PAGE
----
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by Morgan Hoskins
When Apex Legends launched about a month ago, it didn’t receive much fanfare from gamers. Popular gaming YouTuber Joe ‘Angry Joe’ Vargas had some choice words for EA’s stealth release. However, Joe—like just about everyone else—would become a born-again fan, tweeting his surprise at the game’s quality:
“Okay! I see why there is a ton of goodwill for the Apex Legends Game so far! Its pretty fun & I’m rather pleased w/ the economy and progression here, seems pretty generous and No Duplicates?! Feels like it addresses most every concern/annoyance so far! Having a good amount of fun!”
Concerns that EA scuppered Titanfall 3 in favour of a game more easily monetised were swept aside when Respawn Entertainment revealed that they asked EA to be allowed to create Apex, not the other way around. That this game was Respawn’s choice shines through in the care apparent in its design. I’ll be focusing on four design elements that I believe have reinvented the battle royale genre (until the next gaming fad comes around).
Apex’s approach to weapons is different enough from its competitors and strikes the right balance between the overly simplistic Fortnite and the slightly-too-realistic PlayerUnknown’s Battlegrounds (PUBG). Weapons in Apex are often named, such as the ‘Flatline’, ‘Peacekeeper’, and ‘Devotion’, standing in stark contrast to Fortnite’s ‘Pump Action Shotgun’ and PUBG’s ‘S1897’. This, coupled with the game’s sci-fi flavour, has allowed players to grow attached to their favourite (and sometimes least favourite) weapons—many colourful internet memes poke fun at the game’s beloved worst weapon, the ‘Mozambique’.
This might sound like a small gripe, but the squad sizes in Fortnite and PUBG are too big. The biggest squad that you can form and be matched against is a four-person squad. On the surface, this sounds like a good thing, the more the merrier. However, I’ve found that encounters between these squads can grind into a war of attrition which is no fun for anyone involved. Apex, on the other hand, limits your squad to three people. I’ve sunk many hours into the game at this point and I can say with some certainty that the average encounter will be over, for better or worse, in no more than a minute. The action is fast and satisfying. It’s also worth saying that for those who struggle to get three friends to play with, it’s much easier to wrangle two.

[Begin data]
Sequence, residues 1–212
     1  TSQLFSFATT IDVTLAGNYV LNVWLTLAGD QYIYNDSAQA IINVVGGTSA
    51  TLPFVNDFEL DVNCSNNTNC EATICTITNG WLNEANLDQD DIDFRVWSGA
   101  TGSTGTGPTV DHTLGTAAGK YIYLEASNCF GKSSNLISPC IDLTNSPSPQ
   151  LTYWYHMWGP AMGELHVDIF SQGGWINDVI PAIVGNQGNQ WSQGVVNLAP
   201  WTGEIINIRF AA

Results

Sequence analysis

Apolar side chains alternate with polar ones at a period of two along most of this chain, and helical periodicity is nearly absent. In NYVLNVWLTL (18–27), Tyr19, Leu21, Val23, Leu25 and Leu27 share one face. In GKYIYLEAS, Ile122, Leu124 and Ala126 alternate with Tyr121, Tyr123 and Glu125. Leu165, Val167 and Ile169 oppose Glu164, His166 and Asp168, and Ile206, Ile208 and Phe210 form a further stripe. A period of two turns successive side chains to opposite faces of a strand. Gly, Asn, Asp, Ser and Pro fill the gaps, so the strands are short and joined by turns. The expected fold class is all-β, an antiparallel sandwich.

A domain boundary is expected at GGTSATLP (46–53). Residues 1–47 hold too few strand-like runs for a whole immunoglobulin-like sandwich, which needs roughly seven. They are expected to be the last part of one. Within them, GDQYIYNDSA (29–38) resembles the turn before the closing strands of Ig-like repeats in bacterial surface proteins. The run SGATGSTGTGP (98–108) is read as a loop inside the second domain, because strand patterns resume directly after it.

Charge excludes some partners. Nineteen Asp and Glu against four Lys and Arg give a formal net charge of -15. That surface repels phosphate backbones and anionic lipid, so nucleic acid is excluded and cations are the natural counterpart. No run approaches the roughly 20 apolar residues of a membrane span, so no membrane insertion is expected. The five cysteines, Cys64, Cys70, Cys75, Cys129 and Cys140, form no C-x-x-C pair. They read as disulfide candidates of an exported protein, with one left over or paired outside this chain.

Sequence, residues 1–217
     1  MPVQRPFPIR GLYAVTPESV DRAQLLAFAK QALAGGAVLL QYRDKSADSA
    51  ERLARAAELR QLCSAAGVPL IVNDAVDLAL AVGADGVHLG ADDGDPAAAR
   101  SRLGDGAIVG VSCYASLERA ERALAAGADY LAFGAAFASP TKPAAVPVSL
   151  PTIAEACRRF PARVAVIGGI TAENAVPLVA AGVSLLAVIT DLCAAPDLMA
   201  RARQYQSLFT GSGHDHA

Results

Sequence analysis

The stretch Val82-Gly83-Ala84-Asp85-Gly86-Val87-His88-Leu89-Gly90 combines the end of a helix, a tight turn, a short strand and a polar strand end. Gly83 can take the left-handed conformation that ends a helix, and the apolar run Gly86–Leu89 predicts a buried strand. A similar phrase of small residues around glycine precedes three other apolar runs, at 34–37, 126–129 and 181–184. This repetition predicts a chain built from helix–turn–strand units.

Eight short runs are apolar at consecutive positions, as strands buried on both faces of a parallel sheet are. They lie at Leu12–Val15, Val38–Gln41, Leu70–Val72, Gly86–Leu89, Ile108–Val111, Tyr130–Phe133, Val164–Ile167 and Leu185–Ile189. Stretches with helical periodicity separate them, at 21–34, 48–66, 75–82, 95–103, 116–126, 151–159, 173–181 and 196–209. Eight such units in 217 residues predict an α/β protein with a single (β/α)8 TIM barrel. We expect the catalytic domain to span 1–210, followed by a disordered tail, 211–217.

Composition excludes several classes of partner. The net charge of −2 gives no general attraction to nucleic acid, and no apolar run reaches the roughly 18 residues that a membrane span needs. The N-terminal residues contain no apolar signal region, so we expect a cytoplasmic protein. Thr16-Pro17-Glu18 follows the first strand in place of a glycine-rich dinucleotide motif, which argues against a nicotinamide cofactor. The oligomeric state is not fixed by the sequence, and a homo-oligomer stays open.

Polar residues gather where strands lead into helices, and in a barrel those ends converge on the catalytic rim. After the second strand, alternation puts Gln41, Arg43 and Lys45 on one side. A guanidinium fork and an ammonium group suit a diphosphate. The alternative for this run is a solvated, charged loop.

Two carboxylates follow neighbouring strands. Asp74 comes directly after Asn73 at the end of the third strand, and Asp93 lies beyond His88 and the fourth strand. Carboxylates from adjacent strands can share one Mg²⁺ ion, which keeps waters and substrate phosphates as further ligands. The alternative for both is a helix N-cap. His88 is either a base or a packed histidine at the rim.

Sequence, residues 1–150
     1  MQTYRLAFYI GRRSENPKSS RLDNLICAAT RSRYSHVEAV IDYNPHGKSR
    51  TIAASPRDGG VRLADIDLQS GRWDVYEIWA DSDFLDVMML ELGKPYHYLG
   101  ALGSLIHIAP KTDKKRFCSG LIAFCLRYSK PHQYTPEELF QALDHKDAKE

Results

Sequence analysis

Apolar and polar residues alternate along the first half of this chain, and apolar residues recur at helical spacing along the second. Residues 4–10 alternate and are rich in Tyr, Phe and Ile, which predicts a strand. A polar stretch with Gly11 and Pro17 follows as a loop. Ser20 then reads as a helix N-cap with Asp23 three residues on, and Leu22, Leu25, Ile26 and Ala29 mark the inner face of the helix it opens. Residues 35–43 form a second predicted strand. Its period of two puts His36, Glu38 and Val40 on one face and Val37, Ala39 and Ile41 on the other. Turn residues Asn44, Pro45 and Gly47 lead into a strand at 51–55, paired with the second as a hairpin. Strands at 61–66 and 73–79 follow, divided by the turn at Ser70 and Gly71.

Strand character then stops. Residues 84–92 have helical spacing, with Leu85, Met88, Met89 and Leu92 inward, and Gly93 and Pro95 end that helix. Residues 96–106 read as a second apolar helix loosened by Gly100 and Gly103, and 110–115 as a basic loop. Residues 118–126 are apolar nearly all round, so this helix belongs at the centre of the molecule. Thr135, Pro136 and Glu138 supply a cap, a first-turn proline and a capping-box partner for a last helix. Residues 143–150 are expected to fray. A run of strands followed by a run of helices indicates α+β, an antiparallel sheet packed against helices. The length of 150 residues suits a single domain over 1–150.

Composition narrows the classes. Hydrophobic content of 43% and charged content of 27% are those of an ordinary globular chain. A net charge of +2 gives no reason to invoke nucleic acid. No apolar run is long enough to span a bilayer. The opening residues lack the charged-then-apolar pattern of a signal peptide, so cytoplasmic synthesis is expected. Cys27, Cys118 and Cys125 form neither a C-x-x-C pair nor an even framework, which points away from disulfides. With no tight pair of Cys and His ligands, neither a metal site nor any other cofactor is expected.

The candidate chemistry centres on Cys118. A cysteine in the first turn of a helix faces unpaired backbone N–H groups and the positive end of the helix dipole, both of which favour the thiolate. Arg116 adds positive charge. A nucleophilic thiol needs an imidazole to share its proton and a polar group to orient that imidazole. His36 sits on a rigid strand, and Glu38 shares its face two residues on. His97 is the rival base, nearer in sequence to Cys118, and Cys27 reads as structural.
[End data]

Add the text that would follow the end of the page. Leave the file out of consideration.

This one is self-explanatory. Apex allows you to respawn your fallen comrades where its competitors do not. Your ‘banner’ can be collected by a teammate and taken to a respawn point where you will be dropped back into the match. This makes the game more accessible to those with a penchant for dying early. Like my point on squads, the respawn mechanic rewards a tight-knit group who look out for each other during play.
The last and greatest way that Apex reinvents the genre is undoubtedly the legends—memorable characters that the player will be taking into battle with them. This is a concept that borrows heavily from Overwatch, a not too dissimilar game, and one that fits well in the battle royale. There are eight legends (with more to come), and your choice of legend matters. Lifeline, for example, allows you to deploy a healing drone, while Mirage has the ability to create decoys that ‘bamboozle’ the enemy. They are all fully voice acted with an array of customisation options, and it’s this level of characterisation that elevates Apex to a league of its own, far away from the nameless vanilla characters you’d be playing in Fortnite and PUBG.